I’m Holly Pither, MD and founder of Tribe PR, mum blogger at PitterPatterPither, novice mummy to baby Amelia (two years old and a diva) and doting wife to a police inspector.
Tribe PR is an independent communications agency, specialising in earned media to help organisations of all sizes increase their brand advocacy. We work in partnership with both B2B and B2C brands, earning them reputation, helping them understand their audience and deepening their media relationships.
What inspired you to start Tribe PR?
I’ve worked both in-house at HSBC and agency side for over 10 years now and it just felt like the right time to start my own agency. I had thought about starting my own business for years, but never quite had the courage to go it alone or felt like I was ready. In addition to that, being my own boss and working more flexibly made more sense personally too, given my husband’s role and his shift work. I felt I was losing about two hours a day just doing my commute and was desperate to get that time back and spend it with my baby daughter. Plus, it meant I would have more headspace to be there for her rather than worrying about office politics at a bigger agency. So, as 2018 drew to a close, I just knew I wanted to start 2019 doing what I loved but doing it on my own terms. Tribe PR was therefore born and I haven’t looked back!
Why the name Tribe?
Well increasingly these days the gap between B2B and B2C communications is narrowing. This means that instead of focusing on one discipline or the other, we help our clients reach a far more essential audience; that of people. And people don’t just buy brands, they join them. This means that good brand communication is about engaging directly with people, understanding what makes them tick, responding to their needs and turning them into fans. These people then become brand advocates and tell the brand’s story for them. Hence the word tribe!
Plus it describes how we work too – if we can’t do something here at the agency, then I will look to my tribe or likeminded people to help. This means we can do everything from video to website design but all with one brand guardian delivering one set look and feel. The other advantage of working within a tribe is that it allows you to make the right connections and be surrounded with like-minded people. Creating a conversation with other entrepreneurial minds helps to refine ideas, inspire creativity and ensures greater knowledge.
Have you always wanted to run your own business?
I guess I have always grown up knowing I wanted to be my own boss. I come from entrepreneurial parents who always ran their own business, so in many ways I just feel like I was meant to do this. When I was a child, I spent many a dinner time listening to my mum and dad talk about company financials, sales, staffing and so forth. From then on it was always something I aspired to do.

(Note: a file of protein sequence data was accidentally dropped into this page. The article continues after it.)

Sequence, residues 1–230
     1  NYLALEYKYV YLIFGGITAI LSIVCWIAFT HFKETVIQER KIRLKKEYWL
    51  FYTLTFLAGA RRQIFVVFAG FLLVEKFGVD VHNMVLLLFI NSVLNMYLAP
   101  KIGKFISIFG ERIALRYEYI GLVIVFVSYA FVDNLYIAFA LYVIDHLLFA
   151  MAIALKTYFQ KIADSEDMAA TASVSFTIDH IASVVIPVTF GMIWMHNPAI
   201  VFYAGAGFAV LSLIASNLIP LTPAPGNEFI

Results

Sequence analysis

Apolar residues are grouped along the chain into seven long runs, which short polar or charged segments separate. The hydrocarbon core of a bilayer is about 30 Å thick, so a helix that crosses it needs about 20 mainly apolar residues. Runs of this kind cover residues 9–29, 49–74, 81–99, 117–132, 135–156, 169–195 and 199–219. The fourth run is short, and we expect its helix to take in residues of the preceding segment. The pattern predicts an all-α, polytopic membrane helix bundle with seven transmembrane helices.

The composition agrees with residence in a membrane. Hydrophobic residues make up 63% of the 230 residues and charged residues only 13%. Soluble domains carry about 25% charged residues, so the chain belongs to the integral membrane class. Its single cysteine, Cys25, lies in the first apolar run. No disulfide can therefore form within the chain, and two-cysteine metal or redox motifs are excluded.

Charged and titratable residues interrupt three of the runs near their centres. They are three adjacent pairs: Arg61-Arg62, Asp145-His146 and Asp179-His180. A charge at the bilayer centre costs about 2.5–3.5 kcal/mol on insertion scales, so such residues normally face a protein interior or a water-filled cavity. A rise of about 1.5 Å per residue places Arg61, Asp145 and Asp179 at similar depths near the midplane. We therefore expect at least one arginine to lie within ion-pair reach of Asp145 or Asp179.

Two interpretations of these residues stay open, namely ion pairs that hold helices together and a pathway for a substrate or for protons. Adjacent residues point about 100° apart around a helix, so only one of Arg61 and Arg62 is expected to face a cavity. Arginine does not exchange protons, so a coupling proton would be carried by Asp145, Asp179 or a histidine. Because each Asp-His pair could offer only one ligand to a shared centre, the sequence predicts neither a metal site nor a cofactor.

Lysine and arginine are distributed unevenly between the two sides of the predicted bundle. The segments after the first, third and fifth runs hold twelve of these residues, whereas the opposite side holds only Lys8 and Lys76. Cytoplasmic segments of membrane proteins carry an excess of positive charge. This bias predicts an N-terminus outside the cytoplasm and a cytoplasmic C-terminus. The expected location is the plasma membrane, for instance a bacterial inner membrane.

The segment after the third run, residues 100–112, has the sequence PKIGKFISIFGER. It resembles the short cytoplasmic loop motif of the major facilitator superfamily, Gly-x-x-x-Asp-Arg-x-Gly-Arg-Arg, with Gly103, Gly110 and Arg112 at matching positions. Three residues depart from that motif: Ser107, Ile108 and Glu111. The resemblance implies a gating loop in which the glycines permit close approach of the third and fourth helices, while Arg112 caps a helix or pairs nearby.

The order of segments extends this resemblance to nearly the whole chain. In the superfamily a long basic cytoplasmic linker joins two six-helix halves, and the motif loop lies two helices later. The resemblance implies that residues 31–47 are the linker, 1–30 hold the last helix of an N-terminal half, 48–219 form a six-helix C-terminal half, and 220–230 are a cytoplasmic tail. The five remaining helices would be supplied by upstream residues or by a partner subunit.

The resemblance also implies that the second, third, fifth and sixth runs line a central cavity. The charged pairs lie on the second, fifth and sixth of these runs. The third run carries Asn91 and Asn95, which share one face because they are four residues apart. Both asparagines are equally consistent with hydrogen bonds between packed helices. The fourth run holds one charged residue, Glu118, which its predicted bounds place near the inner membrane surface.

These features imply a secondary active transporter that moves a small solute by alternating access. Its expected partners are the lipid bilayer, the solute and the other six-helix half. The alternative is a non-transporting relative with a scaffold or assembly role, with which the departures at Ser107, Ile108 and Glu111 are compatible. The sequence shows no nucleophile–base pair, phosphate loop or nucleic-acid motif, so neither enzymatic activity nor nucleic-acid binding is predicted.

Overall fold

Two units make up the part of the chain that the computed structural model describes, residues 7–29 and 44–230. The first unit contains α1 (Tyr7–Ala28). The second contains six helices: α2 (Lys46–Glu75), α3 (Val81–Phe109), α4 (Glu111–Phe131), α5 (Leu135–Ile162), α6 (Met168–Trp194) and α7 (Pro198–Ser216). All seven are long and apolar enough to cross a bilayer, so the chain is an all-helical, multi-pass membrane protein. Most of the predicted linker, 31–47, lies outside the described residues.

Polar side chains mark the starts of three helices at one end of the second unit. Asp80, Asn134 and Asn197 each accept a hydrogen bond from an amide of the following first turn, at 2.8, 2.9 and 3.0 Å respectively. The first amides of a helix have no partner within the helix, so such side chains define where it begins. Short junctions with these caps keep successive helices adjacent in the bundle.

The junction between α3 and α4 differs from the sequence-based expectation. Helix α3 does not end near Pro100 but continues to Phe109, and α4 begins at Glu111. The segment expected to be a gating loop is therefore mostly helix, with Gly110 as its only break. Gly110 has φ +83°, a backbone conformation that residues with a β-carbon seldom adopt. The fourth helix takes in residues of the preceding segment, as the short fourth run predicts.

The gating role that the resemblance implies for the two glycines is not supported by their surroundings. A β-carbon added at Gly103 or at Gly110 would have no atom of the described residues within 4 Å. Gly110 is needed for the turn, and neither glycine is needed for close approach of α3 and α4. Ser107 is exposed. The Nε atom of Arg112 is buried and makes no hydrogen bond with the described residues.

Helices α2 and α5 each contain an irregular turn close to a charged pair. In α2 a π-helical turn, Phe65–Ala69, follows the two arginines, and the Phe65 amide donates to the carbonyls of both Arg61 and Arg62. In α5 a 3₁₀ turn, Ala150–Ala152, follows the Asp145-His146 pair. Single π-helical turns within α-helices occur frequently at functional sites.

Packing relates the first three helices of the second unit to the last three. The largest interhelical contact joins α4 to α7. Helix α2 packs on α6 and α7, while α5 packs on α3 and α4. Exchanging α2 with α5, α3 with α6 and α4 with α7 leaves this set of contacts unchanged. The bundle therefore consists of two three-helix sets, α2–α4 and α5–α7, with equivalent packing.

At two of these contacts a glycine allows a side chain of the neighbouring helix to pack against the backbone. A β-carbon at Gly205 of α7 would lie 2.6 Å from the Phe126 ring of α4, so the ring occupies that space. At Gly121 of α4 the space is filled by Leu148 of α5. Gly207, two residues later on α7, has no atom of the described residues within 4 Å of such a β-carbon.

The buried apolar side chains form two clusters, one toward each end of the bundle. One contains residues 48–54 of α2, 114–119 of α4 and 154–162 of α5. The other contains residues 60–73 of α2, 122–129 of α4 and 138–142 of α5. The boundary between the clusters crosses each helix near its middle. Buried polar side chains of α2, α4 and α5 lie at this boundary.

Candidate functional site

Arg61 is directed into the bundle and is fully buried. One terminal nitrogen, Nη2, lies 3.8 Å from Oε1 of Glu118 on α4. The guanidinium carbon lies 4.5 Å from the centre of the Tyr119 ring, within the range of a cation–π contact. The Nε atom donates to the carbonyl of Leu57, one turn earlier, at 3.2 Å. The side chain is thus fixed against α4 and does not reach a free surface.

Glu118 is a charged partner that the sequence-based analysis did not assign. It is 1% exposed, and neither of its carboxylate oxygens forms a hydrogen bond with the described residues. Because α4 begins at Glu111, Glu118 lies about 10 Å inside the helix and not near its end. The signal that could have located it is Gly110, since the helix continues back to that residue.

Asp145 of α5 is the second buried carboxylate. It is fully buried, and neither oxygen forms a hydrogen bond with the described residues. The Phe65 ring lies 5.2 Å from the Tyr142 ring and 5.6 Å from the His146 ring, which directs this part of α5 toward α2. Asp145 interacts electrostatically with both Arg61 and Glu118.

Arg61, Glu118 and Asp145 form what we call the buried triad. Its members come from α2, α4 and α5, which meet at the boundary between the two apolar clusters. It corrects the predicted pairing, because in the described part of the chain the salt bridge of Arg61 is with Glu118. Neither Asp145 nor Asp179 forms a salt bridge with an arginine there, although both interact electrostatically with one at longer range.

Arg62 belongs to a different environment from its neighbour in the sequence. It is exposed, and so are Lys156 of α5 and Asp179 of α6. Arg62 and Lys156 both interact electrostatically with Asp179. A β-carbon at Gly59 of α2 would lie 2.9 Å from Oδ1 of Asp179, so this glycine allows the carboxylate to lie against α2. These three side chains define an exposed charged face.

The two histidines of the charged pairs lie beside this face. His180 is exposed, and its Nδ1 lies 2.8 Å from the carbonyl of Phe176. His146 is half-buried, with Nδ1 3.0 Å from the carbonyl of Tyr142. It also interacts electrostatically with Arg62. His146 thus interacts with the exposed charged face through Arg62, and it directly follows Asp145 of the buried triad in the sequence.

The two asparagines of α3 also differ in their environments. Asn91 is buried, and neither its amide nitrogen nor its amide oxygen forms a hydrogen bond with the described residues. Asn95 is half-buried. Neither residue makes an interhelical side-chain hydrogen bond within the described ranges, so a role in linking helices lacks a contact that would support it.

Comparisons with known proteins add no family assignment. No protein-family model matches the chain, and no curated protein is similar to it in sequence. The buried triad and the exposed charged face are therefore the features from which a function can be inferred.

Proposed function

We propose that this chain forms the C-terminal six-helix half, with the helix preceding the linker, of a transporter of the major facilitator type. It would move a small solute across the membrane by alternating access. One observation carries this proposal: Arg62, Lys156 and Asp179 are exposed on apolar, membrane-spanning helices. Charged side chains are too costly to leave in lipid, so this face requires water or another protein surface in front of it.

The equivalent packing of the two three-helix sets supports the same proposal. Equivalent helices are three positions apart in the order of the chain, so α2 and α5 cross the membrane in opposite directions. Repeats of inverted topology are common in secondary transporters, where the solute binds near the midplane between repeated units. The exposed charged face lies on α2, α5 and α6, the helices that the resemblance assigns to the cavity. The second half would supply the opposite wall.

What’s the best thing about running your own business?
Doing things on your own terms. I don’t have to ask permission, apologise if I’m late, worry about doing a gym workout midmorning or double check it’s ok to leave early to collect my daughter. I do things on my own terms and I love that feeling of freedom. The other thing is the fact I get to (to an extent anyway) work with the right kind of clients. Clients who I am passionate about, clients who want to make a difference, clients who want to grow their brand fans and don’t just want PR for PRs sake. This is a fantastic aspect of the job as it means we all put in double the effort and my clients treat me like a partner, rather than a mere supplier. I can’t tell you how good it feels. Ultimately, I probably work harder than ever before with Tribe PR, but the work feels so rewarding and I’m so passionate about my clients, it makes everything worthwhile.
Describe your typical day?
This is a hard one. My day changes from one day to the next. One day I could be drafting corporate copy at my desk on artificial intelligence for a management consulting client and the next I could be tasting CBD beer (my fab new client) in a brewery in London. I look after such a range of clients from corporate organisations across to some really exciting consumer clients, so there is a never a dull day.
Tell us three business tips that you would give to yourself if you were first starting out?
Get an accountant as early as possible. Before I started up my own business, I was most concerned about the financial side of things. I was worried about learning and fully comprehending all the financial jargon from ‘dividends’ to ‘net profit’ to ‘depreciation’ and being able to talk about them with any kind of certainty. But in actual fact the financials are just a very small part of running a business and like all things, the moment you start doing it, the moment it becomes a whole lot less intimidating. With a good accountant from day one, you need not feel out of your depth.
Don’t work for free. I think it’s important to value your services properly, and as such, I have tried to avoid contra-deals and reducing my costs to try and get my foot in the door of a new industry. Start as you mean to go on.
Be human. I have always tried to be honest about who I am and how I work. I am not a machine who will work 24/7. I have a baby. I have a life. This means if I need to take some time off because my daughter is sick or want to be there with her to help her go through a new milestone I will be. I’m honest about this with my clients and I know they appreciate that.
What would be your plan B?
That’s a hard one, because I really couldn’t imagine doing anything else. I just love what I do so much.